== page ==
Self-Affection and Pure Intuition in Kant

Abstract
Are the pure intuitions of space and time, for Kant, dependent upon the understanding's activity? This paper defends the recently popular Self-Affection Thesis (SAT): namely, that the pure intuitions require an activity of self-affection—an influence of the understanding on the inner sense. Two systematic objections to this thesis have been raised: The Independence objection claims that SAT undermines the independence of sensibility; the Compatibility objection claims that certain features of space and time are incompatible with being the products of the understanding's activity. I show that the resources to rebut these objections can be found in Kant's account of causal influence.
Keywords affection  causal power  influence  Immanuel Kant  space  time
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DOI 10.1080/00048402.2017.1286511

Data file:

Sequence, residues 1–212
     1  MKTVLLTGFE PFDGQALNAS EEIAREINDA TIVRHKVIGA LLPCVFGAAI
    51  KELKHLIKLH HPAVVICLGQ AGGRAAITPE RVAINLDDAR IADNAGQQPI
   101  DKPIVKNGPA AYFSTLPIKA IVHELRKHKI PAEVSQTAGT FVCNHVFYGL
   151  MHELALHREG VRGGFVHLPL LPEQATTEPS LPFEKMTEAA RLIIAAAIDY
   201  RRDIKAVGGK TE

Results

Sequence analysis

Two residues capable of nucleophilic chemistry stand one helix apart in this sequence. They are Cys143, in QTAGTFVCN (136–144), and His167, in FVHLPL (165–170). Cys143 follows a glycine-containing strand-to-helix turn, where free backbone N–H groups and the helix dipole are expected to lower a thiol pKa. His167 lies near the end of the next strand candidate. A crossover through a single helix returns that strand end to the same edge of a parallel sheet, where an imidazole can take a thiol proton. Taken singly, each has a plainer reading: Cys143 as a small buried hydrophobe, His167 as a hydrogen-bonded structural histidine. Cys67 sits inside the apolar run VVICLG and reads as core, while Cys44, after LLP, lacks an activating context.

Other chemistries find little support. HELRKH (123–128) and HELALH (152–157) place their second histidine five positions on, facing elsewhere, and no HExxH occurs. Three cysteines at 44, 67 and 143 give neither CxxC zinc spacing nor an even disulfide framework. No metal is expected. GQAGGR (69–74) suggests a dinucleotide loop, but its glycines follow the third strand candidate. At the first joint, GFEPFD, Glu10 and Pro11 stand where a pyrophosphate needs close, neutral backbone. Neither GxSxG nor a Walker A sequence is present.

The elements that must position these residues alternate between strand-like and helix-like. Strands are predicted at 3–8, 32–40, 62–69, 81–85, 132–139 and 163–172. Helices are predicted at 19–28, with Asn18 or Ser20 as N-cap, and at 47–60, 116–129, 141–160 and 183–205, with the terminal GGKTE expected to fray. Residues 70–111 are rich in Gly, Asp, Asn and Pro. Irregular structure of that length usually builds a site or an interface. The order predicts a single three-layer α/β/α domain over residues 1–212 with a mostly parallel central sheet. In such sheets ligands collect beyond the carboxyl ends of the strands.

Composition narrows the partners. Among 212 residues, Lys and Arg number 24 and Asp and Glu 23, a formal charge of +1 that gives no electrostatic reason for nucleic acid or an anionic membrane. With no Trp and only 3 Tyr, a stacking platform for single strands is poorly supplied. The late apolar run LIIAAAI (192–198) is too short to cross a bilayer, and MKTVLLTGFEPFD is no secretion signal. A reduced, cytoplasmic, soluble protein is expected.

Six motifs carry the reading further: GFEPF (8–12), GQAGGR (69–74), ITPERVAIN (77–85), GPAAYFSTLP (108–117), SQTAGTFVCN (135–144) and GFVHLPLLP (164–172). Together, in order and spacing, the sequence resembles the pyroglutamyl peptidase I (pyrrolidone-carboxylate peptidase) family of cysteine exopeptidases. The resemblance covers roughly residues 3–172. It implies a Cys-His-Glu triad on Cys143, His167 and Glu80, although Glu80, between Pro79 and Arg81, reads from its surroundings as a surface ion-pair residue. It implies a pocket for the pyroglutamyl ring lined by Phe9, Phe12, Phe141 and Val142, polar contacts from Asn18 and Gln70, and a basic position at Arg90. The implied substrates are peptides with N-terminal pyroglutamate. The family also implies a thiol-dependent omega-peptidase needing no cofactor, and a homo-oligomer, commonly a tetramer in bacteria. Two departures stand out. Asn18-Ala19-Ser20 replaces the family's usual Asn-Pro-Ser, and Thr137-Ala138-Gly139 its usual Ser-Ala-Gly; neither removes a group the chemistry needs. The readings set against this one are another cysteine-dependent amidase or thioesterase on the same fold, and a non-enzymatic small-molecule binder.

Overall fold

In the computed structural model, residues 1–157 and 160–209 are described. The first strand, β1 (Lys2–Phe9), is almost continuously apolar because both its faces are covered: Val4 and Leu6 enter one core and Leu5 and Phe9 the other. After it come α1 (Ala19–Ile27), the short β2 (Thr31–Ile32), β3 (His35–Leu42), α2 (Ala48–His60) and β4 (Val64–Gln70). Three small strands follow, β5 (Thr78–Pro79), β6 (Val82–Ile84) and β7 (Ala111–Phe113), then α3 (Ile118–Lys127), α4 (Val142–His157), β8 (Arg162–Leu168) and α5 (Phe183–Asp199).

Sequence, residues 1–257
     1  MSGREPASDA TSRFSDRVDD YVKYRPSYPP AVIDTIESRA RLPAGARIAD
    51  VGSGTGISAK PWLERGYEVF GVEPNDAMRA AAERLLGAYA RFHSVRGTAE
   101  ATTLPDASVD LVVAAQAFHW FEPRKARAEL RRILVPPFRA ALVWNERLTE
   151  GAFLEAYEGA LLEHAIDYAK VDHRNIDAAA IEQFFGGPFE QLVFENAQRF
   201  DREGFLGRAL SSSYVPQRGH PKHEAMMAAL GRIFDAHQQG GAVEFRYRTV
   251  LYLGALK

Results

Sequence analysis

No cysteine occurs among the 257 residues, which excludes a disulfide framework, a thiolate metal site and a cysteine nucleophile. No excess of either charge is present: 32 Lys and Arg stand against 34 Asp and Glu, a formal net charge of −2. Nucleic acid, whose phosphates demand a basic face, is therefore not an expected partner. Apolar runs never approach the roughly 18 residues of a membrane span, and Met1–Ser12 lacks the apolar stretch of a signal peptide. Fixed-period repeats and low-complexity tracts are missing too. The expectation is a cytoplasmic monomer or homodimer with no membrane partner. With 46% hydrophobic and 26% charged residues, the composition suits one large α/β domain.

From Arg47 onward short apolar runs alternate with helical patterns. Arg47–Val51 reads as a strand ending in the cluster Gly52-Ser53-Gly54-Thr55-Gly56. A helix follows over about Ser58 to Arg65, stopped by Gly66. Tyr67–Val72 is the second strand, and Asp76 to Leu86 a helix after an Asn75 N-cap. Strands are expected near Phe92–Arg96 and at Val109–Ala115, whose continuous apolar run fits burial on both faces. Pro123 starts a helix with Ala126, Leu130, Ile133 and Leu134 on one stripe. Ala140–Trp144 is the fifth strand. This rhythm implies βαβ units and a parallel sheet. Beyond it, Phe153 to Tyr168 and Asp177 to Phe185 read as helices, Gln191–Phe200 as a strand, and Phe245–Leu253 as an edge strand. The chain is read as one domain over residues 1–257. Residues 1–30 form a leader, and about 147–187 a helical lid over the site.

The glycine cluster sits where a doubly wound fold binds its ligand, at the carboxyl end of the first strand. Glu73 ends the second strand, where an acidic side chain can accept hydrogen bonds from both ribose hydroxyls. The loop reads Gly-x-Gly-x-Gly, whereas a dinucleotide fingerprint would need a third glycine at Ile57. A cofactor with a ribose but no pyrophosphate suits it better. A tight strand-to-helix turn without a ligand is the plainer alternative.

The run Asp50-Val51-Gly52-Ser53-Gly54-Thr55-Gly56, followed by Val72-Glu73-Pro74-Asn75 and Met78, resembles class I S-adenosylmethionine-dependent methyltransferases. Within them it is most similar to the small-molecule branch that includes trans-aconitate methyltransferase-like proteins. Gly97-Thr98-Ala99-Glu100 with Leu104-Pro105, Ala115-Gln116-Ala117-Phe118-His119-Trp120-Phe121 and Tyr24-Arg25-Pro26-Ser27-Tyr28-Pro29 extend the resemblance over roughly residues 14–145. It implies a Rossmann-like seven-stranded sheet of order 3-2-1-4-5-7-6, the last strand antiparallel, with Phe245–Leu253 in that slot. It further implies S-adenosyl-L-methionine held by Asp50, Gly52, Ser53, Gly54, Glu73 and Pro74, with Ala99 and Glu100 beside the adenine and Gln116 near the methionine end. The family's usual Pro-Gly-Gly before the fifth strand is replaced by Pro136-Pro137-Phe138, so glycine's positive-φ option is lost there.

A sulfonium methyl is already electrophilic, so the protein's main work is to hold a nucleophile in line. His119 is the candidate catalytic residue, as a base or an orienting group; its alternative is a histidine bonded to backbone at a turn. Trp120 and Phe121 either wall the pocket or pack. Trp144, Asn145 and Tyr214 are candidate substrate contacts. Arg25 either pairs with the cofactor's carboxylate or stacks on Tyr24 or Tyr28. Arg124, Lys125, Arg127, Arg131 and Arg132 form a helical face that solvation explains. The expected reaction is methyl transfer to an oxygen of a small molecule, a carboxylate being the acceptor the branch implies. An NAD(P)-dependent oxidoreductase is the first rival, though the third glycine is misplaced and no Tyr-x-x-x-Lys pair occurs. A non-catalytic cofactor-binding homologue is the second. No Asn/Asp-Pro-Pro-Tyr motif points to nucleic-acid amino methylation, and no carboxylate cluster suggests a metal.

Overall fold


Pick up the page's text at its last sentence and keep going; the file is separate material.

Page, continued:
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References found in this work BETA
Mind and World.John McDowell - 1994 - Cambridge: Harvard University Press.
Kant's Transcendental Idealism.Henry E. Allison - 2004 - Yale University Press.
Powers: A Study in Metaphysics.George Molnar - 2003 - Oxford University Press.
Kant, Non-Conceptual Content and the Representation of Space.Lucy Allais - 2009 - Journal of the History of Philosophy 47 (3):pp. 383-413.

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